Ed note: This is part of Glasstire’s ongoing content we’re publishing during the COVID-19 pandemic. For more movie picks by Neil Fauerso, see his “Movie of the Day” series. For more art you can see from home, check out Glasstire’s’ special series Five-Minute Tours. For even more art you can see from home, check out Glasstire’s most recent Top Five video. For artists’ resources during this time, please go to our updating news feed, and our classifieds section of Artists’ Resources.
These are strange times. It’s literally true one never knows what going to happen, but has it ever felt this acute? Are we in the prologue of an apocalyptic horror movie, right around the part when the protagonist wanders out into an eerily empty Times Square? Sure seems that way, but I’m a pessimist who watches too many movies. I fear things will get very ugly in myriad ways, but I also certainly hope I’m wrong.
The only thing to do for now (unless you’re a doctor, nurse, etc.) is to social distance youself, stay in, and avoid contact with people. Many of us will have delusions of grandeur that these few weeks (most likely it will be much longer) is finally the time we will complete our Major Project — the screenplay, the novel, the triptych paintings, etc. — and will most likely get discouraged and fall back into rewatching our favorite shows.
I suggest a more modest goal: watch art films you were too tired or busy to watch in the past. Watch the Bergman or Tarkovsky film you claimed to have seen (but have not); watch the critically acclaimed international films that have loomed in your queue unwatched because they are 172 minutes long. Here are some exceptional films you might have missed that are on Amazon Prime and Netflix right now.
The Souvenir (Amazon Prime)
In an excellent year for cinema (2019), The Souvenir might have been the best of all. Joanna Hogg’s pitch-perfect autobiographical film chronicles a film student in London in the early ’80s and her hilariously bad boyfriend who plays the louche Foreign Service employee who is really a rapidly spiraling heroin addict. The film is simultaneously quietly heartbreaking, drily funny, and immensely relatable. Brilliant cinematography, music selection, and editing sculpt the naturalistic performances by Honor Swinton Byrne (as Hogg’s younger self) and Tom Burke as Anthony, her doomed boyfriend (in the best junkie performance I’ve ever seen). An instant classic that ranks as one of the best films released this century.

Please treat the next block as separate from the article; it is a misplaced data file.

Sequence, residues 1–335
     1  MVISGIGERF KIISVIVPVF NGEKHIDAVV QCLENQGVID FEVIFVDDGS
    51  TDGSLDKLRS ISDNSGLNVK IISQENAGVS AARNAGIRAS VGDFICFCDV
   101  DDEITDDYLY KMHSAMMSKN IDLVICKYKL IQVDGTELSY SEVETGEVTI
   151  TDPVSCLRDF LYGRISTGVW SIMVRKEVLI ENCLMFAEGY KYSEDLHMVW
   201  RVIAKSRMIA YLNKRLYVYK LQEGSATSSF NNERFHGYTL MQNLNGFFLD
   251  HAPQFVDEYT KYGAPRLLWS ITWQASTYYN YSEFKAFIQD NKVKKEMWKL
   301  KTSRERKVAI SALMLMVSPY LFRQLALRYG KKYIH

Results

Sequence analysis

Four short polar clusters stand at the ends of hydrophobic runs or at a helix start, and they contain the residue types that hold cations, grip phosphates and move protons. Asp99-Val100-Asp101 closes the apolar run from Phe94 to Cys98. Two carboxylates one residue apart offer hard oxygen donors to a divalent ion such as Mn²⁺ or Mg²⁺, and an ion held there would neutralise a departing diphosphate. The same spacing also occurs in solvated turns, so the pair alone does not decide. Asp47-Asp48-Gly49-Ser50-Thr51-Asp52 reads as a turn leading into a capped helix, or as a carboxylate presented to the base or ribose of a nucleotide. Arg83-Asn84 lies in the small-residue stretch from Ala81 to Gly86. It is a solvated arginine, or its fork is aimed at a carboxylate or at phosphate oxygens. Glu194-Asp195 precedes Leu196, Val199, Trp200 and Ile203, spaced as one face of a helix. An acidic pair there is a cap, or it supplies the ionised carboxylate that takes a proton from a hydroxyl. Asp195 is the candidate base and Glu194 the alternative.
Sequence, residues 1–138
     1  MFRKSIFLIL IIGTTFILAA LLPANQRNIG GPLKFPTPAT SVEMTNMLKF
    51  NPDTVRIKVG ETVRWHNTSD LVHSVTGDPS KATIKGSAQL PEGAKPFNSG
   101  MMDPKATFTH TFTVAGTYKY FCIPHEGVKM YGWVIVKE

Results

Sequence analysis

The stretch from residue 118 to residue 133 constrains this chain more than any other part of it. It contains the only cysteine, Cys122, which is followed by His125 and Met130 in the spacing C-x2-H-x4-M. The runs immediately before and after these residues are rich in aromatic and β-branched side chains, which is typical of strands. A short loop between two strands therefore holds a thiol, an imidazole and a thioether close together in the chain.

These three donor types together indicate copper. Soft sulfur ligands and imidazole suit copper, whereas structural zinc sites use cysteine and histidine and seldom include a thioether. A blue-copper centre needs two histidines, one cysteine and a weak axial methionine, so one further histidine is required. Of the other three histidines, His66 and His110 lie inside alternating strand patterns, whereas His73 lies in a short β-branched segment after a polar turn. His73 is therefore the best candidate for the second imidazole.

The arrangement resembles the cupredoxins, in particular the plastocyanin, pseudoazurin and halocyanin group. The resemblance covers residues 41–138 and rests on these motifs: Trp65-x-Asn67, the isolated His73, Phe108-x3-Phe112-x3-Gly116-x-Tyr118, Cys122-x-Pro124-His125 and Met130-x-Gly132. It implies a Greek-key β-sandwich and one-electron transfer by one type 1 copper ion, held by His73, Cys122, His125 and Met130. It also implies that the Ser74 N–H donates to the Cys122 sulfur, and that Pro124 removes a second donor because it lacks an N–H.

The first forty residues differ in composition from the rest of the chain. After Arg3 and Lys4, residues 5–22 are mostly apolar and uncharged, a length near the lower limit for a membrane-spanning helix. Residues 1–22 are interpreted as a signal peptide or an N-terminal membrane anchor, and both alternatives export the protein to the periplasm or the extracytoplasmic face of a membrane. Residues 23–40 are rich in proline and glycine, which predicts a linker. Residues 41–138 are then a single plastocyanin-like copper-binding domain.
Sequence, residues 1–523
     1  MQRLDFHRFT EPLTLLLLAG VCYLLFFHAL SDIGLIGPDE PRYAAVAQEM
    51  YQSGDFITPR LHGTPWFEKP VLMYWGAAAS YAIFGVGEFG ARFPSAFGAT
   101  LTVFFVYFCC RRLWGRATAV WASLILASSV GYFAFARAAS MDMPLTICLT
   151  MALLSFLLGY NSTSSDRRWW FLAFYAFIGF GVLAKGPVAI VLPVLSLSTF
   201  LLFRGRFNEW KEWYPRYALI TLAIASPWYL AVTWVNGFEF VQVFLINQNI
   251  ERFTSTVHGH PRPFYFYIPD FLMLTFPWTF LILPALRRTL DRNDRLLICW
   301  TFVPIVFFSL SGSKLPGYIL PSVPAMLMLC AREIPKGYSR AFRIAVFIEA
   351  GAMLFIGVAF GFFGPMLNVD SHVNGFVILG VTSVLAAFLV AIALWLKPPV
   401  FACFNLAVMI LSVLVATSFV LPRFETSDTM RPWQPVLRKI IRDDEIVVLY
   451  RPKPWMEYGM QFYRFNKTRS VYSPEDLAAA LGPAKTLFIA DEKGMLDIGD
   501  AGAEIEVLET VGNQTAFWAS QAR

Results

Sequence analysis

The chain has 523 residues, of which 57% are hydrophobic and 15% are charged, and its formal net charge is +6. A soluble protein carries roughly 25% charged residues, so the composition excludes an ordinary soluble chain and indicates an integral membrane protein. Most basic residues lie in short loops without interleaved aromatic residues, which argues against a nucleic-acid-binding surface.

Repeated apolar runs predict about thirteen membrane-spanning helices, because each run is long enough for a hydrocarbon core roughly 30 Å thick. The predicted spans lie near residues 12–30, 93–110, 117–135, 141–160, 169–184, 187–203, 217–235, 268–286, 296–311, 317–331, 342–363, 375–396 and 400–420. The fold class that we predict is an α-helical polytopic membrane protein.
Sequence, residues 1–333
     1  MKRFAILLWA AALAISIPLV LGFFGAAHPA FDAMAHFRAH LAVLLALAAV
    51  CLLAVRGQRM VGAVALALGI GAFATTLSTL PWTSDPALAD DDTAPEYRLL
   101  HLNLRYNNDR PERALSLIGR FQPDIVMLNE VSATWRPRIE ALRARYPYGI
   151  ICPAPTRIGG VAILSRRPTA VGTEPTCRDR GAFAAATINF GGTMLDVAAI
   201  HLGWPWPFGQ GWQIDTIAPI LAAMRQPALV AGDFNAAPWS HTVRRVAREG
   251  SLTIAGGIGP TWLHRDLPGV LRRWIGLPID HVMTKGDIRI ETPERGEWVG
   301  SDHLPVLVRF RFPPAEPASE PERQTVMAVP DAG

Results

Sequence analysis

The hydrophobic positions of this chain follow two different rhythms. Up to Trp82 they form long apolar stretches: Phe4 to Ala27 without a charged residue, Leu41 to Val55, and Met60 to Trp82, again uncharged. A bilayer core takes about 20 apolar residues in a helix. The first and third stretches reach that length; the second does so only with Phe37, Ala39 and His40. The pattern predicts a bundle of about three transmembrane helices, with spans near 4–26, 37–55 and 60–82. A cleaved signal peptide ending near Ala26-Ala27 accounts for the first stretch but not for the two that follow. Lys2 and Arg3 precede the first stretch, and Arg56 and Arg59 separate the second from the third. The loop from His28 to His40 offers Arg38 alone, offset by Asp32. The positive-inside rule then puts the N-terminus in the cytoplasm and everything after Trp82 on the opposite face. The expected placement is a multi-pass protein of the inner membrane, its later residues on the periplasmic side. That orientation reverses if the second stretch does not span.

Parasite’s triumphant global success exposed many Americans to their first South Korean film, and will hopefully lead to greater interest in perhaps the most exciting cinematic region in the world. Lee Chang-dong’s haunting 2018 adaptation of a Murakami story is a class satire like Parasite, but with a beautiful, elusive reverie. Steven Yeun plays one of the all-time great rich pricks as a Gatsby playboy in ferociously unequal Seoul who draws two poor young people into his mysterious, luxurious world. Languid in its pacing, it’s best to let Burning wash over you until its devastating finale.
Zama (Amazon Prime)
Lucrecia Martel is one of the world’s greatest directors, whose films The Headless Woman and La Ciénaga are bona fide classics, and Zama, from 2017, is her greatest achievement. Alongside Aguirre Wrath of the God and Embrace of the Serpent, Zama is a pinnacle of films about colonialism. Zama follows a lazy, horned-up magistrate in a humid, rural region of Argentina under the Spanish crown. Zama’s boredom and pettiness coexists with the ever-present cruelty of enslavement and oppression of the indigenous population. Righteous and deeply funny, Zama is magnificent.
Good Time (Netflix)
Josh and Benny Safdie had a triumphant 2019 with the release of Uncut Gems — their brash, mercilessly stressful gambling and diamond district thriller featuring a career best-turn by Adam Sandler as a desperate gambling addict and jewel salesman. But 2017’s Good Time is equally good and relentless. Robert Pattinson is brilliant as a dirtbag from Queens whose plan to rob a bank with his mentally disabled brother goes disastrously wrong. The Safdie brothers, with their use of location shots and non-actors, attain an almost holographic authenticity that is rendered psychedelically poetic by the Tangerine Dream-esque score by Oneohtrix Point Never. And if you’ve watched both Good Time and Uncut Gems, check out Sidney Lumet’s The Pawnbroker (on Amazon), which forms a cosmological dialogue with Gems on Jewish identity.
Mati Diop’s melancholic, haunting ghost story from 2019 concerns underpaid construction workers in Dakar, Senegal, and what happens to them (and those they leave behind) when they decide to take a boat to Europe. The best horror movies work as genre pieces and also as parables and metaphors for the real horror — the world we live in. In Atlantics the crushing, inhumane evil of global inequity is articulated through a doomed romance akin to the great Japanese horror films, Ugetsu and Kuroneko.